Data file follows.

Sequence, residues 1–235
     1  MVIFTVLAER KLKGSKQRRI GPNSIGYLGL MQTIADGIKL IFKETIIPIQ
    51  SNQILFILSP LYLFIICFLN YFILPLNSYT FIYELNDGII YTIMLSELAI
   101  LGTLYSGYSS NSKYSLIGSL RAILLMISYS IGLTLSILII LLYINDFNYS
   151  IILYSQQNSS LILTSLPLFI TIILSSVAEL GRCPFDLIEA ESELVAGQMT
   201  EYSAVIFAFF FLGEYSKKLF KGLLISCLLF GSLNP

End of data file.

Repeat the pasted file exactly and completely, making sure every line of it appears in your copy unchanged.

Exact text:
Sequence, residues 1–235
     1  MVIFTVLAER KLKGSKQRRI GPNSIGYLGL MQTIADGIKL IFKETIIPIQ
    51  SNQILFILSP LYLFIICFLN YFILPLNSYT FIYELNDGII YTIMLSELAI
   101  LGTLYSGYSS NSKYSLIGSL RAILLMISYS IGLTLSILII LLYINDFNYS
   151  IILYSQQNSS LILTSLPLFI TIILSSVAEL GRCPFDLIEA ESELVAGQMT
   201  EYSAVIFAFF FLGEYSKKLF KGLLISCLLF GSLNP